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HearthstoneApr 10, 2020 1:37 pm CT

Demon Hunters receive Hearthstone’s quickest nerfs ever

Ashes of Outland, the latest expansion for Hearthstone, saw some nerfs to its brand-new Demon Hunter class on day two. That’s fast.

The Hearthstone team used to be noticeably slow to react to imbalances, but has been getting faster and faster over the past few months. And this nerf, which happened only one day after the class was released, clearly shows that when the team looked at the numbers, they saw a big problem.

While we don’t have access to the numbers ourselves, we do have third-party addons that collect data from players. The data from one of those popular sites, HSReplay, showed Demon Hunters with a winrate as high as a staggering 56% on day one; far ahead of the 50% to 51% that the next classes had at that point.

And what exactly was nerfed, you ask?

The nerf list

Aldrachi Warblades will still see play, but given the power of Lifesteal effects — especially for Demon Hunter, a class that is constantly using its face to attack things — there is definitely some impact. I don’t expect players to drop this card completely, though. When paired with other power-increasing effects like Inner Demon, it can still be a game-changer.

Eye Beam receives the smallest adjustment. That one-mana cost to deal three damage to a minion is almost incidental. It will still be a valuable removal tool, but neither too weak nor too strong, and will see use in decks that warrant that kind of tool.

Imprisoned Antaen is frankly a little surprising to me. This is fully anecdotal, but the card hasn’t felt overly strong to me, neither when playing with it nor against it. The effect is very powerful, but the tempo loss of doing nothing to affect the board for five (now six!) mana on the turn you cast it is rough — combined with the fact that it’s essentially dormant for one extra turn, since it still can’t attack on the turn it “wakes.” But I’m not about to question Blizzard’s data; clearly, their numbers showed them that this card was netting too many wins when played.

Skull of Gul’dan is still very powerful. The card was frankly too strong at release — drawing cards is a very powerful effect on any card game, and “mana-cheating” (reducing the mana cost of cards, allowing you to cast powerful, high-cost cards earlier than anticipated) is the mechanic with the most potential to break the game, historically. The card remains very strong at six mana, and is unlikely to leave the majority of DH decks.

One day after the nerfs, Demon Hunters are now hovering between third and sixth highest winrate overall — again, according to third-party (not official) information.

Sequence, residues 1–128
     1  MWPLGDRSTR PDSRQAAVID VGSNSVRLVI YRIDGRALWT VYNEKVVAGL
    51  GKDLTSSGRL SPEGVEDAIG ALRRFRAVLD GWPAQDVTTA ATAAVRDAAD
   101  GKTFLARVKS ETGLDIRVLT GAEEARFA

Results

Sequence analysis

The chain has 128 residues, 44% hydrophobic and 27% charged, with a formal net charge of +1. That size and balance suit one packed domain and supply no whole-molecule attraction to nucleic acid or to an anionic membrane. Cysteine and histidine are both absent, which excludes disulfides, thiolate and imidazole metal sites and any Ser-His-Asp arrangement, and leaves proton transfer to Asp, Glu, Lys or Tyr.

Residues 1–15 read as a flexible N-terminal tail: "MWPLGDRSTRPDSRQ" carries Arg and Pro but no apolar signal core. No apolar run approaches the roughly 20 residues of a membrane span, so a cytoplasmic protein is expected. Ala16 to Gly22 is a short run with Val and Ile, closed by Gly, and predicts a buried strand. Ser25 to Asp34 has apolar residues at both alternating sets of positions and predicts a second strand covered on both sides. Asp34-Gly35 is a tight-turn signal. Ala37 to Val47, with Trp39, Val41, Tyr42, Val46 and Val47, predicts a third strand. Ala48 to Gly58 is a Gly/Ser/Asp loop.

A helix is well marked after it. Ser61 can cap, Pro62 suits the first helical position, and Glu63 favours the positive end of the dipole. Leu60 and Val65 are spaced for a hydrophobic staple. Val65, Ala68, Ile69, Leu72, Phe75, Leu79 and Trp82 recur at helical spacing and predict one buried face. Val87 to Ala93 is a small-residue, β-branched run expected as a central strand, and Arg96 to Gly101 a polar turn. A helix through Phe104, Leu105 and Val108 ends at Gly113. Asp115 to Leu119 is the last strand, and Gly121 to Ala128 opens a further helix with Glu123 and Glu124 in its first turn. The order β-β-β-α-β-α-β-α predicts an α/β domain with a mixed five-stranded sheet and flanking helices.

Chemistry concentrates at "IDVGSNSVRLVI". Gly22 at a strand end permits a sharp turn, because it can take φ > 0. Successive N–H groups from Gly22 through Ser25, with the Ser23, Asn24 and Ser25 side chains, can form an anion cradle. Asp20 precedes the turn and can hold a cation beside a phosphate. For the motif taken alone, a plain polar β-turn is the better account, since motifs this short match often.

Other adjustments

There were also some adjustments for Arena:

Originally Posted by Kerfluffle (Official Post)

For Arena, we’re making changes today that will see Demon Hunter class card offering rates decreased until we’re able to properly address the class with more accurate micro-adjustments in a future patch. The following cards have had their offering rates reduced in Arena:

  • Chaos Nova
  • Coilfang Warlord
  • Command the Illidari
  • Flamereaper
  • Furious Felfin
  • Glaivebound Adept
  • Illidari Felblade
  • Immolation Aura
  • Metamorphosis
  • Netherwalker
  • Nethrandamus
  • Priestess of Fury
  • Skull of Gul’dan
  • Twin Slice
  • Umberwing

And, as is par for the course, Blizzard offered a Dust refund option for players who might have crafted those cards:

Originally Posted by Kerfluffle (Official Post)
A full Arcane Dust refund will be issued for both regular (100 Dust) and golden (800 Dust) copies of Skull of Gul’dan and Imprisoned Antaen, as well as golden Eye Beam (1600 Dust).

How will these changes affect Demon Hunters?

The Demon Hunter class is still good, but fluctuating.

New decks are still being tested: Highlander DH was very strong on day one, but then got overtaken by Tempo DH. Other deck concepts, like Token DH and OTK DH are also being used by the community, without much success yet. But the fact that DH decks are still evolving shows that the meta is very much in flux, and it will be a while before we have a final word on how powerful the class is.

Either way, I’m confident that it is no longer as “overpowered” as it was at release. And it is certainly good to see the Hearthstone team react to problems in such a proactive fashion.

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